The most common electrophysiologic mechanisms leading to SCD are tachyarrhythmias such as ventricular fibrillation (VF) orventricular tachycardia (VT). Interruption of tachyarrhythmias, using either an automatic external defibrillator (AED) or an implantable cardioverter defibrillator (ICD), has been shown to be an effective treatment for VF and VT. The implantable defibrillator has become the central therapeutic factor in the prevention and treatment of sudden cardiac death. Patients with tachyarrhythmias, especially VT, carry the best overall prognosis among patients with sudden cardiac arrest (SCA).
During the 8 year study period there was an average of 292′546 persons aged 5-39 and there were a total of 1122 deaths, certified as potential SCDs in 3.6% of cases. The calculated incidence is 1.71/100′000 person-years (2.73 for men and 0.69 for women). If all possible cases of SCD (unexplained deaths, drowning, traffic accidents, etc.) are included, the incidence increases to 13.67/100′000 person-years. However, the quality of the officially available data was insufficient to provide an accurate incidence of SCD as well as autopsy rates.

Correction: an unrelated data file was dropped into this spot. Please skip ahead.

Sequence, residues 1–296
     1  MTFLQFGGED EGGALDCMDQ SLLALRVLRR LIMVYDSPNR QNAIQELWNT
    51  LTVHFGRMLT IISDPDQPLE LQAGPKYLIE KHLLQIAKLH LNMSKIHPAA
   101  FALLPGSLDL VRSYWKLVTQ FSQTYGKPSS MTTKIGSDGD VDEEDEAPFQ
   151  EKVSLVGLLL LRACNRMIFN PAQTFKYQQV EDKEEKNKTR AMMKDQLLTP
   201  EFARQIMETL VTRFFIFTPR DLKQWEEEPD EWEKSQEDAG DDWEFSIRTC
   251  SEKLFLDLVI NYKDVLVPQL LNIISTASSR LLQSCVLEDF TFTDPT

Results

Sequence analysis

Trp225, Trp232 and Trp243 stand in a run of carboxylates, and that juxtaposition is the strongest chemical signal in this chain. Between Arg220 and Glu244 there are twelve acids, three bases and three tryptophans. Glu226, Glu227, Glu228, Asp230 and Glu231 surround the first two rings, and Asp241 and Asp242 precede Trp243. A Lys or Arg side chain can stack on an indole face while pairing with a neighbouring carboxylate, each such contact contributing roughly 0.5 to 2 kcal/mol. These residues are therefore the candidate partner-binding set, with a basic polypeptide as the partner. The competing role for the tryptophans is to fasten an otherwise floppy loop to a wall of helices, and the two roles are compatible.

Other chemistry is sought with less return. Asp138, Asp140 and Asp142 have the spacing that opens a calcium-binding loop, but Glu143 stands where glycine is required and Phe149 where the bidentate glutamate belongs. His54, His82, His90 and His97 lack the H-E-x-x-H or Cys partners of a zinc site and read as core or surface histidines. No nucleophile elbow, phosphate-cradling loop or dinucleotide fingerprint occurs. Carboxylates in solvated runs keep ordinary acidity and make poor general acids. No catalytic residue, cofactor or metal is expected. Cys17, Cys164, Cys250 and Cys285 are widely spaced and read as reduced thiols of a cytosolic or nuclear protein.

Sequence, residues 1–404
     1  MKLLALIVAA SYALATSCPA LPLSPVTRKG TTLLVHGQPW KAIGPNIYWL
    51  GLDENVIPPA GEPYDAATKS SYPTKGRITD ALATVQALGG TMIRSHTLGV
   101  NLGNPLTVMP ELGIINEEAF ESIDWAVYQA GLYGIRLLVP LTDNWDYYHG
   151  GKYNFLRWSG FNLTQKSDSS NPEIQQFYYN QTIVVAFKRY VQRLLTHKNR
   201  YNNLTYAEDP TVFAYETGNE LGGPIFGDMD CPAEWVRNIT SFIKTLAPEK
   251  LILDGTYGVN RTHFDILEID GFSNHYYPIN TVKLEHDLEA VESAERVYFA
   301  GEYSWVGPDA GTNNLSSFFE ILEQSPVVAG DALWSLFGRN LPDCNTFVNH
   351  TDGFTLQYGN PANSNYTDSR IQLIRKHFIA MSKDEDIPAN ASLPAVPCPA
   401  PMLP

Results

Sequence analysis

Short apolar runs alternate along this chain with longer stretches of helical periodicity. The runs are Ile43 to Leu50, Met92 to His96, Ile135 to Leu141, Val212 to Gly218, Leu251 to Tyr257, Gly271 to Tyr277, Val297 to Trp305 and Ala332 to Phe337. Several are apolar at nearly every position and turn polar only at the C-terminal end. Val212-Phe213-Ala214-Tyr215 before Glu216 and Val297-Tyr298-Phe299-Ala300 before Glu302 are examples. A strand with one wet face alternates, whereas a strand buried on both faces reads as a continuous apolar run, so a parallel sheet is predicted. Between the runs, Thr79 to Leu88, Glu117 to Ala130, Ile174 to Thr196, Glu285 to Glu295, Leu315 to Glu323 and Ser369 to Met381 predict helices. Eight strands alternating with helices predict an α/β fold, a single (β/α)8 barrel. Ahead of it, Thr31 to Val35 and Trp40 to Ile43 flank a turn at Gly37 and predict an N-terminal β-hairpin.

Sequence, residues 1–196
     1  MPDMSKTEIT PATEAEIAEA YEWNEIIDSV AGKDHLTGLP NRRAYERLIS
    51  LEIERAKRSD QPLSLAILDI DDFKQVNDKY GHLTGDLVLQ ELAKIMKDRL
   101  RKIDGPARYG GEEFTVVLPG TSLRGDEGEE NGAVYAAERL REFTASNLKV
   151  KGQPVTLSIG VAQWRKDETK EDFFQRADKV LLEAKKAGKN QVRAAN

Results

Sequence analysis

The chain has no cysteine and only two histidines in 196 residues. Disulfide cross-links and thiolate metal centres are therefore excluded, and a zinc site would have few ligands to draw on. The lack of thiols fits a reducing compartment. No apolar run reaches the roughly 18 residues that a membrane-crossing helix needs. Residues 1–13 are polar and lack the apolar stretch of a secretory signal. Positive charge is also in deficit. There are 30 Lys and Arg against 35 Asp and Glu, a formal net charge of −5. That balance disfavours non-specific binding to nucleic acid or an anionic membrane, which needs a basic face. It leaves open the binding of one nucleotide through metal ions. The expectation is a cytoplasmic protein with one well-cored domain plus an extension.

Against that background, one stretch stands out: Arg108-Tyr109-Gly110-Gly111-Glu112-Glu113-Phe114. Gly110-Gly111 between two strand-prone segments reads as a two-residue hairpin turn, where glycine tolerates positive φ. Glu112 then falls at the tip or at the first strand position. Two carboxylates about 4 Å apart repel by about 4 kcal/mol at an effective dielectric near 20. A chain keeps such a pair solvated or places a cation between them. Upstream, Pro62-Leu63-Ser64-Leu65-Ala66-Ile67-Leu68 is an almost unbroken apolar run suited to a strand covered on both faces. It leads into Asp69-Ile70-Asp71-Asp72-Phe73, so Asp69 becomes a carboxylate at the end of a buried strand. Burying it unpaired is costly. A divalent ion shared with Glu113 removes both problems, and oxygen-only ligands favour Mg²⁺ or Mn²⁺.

CPR: Immediate cardiopulmonary resuscitation (CPR) is critical to treating sudden cardiac arrest. By maintaining a flow of oxygen-rich blood to the body's vital organs, CPR can provide a vital link until more advanced emergency care is available. Ongoing Research is being done at cardiac centres.